Hyderabad, December 26, 2022: byteXL, one of the leading experiential learning platforms for IT career aspirants, held its inaugural webinar with eminent industry experts. The maiden webinar addressed the key issue of how engineering institutes can cater to changing tech demands. The distinguished panel included Mr. Karun Tadepalli, co-founder and CEO of byteXL, who was joined by Ms. Rajita Singh, Chief People Officer of Kyndryl, a US-based, leading IT Infrastructure Provider and Mr. Santhosh Nair, MD (Global) of Industry Collaborations & Academic Strategies at Parul University. The hour-long intriguing discussion was attended by educators, institute management, and young engineering students.
The one-hour discussion centered on the current hiring environment in tech. It also touched upon how institutes can best facilitate students and resources they can best leverage amidst talks of an incoming hiring winter and looming recession. The panelists deliberated on education being one sector that will boom during a recession since people will be thinking of gaining additional skillsets and knowledge. While it doesn’t affect the education system, the recession does affect placements to a certain extent. It particularly affects those campuses with a limited number of placement companies.
While sharing his views, Mr. Santhosh Nair, MD (Global) of Industry Collaborations & Academic Strategies at Parul University said, “Primarily when we talk about academics, it embodies three pillars – Innovation, Research, and Employability. But in India, the majority of the emphasis by private players is only given to employability. It is imperative to not only improve students’ skill sets but also their mindsets to get students into research and innovation. Technology is also changing in this industry, which is very dynamic. Not all faculty are trained in trending technologies like AI and ML. This is where players like byteXL contribute and add substantial learning.”
“The role of universities is primarily to provide a conducive environment for students. Bringing advanced technologies and constantly updating students won’t make them more advanced or efficient at those technologies. Because not all students are of the same caliber and not all students have the same ambitions and aspirations,” he added.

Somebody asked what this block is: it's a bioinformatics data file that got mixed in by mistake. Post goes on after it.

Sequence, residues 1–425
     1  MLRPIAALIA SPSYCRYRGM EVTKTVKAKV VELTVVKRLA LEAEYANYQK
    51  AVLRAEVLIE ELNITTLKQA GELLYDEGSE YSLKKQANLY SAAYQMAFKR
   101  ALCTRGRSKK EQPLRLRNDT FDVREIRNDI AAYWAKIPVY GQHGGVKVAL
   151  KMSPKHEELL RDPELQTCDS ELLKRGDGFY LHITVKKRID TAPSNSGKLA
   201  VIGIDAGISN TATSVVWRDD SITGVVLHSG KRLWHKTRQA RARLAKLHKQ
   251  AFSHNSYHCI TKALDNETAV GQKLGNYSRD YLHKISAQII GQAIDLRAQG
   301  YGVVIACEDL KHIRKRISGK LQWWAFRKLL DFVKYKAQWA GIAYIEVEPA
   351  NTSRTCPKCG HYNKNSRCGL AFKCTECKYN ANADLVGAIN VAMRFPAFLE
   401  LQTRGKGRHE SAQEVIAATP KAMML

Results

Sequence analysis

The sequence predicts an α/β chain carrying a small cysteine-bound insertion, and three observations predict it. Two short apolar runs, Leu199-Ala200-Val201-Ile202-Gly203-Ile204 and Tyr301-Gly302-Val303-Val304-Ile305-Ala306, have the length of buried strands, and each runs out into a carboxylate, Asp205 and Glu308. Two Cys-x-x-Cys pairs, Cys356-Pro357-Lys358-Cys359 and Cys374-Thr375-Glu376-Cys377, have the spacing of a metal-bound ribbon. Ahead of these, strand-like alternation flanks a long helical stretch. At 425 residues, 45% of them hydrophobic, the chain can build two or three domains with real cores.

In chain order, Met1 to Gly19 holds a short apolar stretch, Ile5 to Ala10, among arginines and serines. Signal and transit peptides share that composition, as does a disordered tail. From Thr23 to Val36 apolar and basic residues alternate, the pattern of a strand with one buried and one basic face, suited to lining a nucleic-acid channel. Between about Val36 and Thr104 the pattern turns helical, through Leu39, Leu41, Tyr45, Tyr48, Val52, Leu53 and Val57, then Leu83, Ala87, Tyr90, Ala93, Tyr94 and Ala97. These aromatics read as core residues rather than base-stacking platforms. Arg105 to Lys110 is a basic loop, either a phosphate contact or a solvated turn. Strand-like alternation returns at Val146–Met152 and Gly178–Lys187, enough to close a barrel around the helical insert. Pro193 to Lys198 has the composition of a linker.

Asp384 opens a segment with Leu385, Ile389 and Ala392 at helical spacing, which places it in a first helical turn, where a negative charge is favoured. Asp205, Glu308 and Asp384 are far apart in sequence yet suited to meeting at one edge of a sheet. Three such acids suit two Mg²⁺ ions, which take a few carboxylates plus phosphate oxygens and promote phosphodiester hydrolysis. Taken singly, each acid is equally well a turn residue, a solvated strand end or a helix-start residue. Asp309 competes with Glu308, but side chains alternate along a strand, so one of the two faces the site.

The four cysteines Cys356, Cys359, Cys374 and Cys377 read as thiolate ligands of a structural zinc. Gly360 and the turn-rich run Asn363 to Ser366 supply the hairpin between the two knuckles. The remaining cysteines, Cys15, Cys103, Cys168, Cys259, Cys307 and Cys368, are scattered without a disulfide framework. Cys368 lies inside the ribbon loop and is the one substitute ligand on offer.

In his address, Mr. Karun Tadepalli, co-founder and CEO of byteXL, said, “The industry is always striving to be ten steps ahead of the world with so much R&D happening. Due to the gap between the industry and the education system, Edtech companies come into play in this scenario as they understand both. Up to 70% of the courses are focused on empowering students, while the remaining 30% are geared toward preparing them for employment. The curriculum should be designed in tandem with the academic world as well as how the industry is moving. Research is always done on the back burner but that’s where the world will move forward.”
“Recession will have more of an impact on people who are already in the job than on freshers who are getting into the job. However, simply teaching people Java, Python, AI, and ML won’t make them industry-ready. Instead, it’s about fostering their capabilities to keep learning,” Mr. Tadepalli further stressed.
“A distinct generation emerges every 5-10 years. While at Career 1.0, the mantra was Learn – earn – retire, Career 2.0 gravitated more towards a non-linear career path with multiple fields emerging and careers more aligned to passion. We are currently at Career 3.0 where we need proficiency in multiple areas, and it comprises various sources of income. We fancifully call it moonlighting but it’s not a new concept, but people today are becoming more accepting of it. Soft skills outweigh hard skills. Today, many institutes have incorporated this and the emphasis on students now is to develop their personalities in a 360 manner, explained Ms. Rajita Singh, Chief People Officer of Kyndryl on where the career revolution is going.
Commenting on the teaching scenario, Ms. Singh further said, “College lecturers can’t teach students what they themselves don’t know (when it comes to in-demand skills) Some companies have started teaching academia what they want and are trying to bridge the gap by bringing them into the industry and training them. Access to information has become so easy that the desire to invest in oneself has come down a great deal. For example, grid computing has existed for decades, but it is now being brought back as a new concept. Problem-solving and attitude are going to make the difference in tech moving forward.”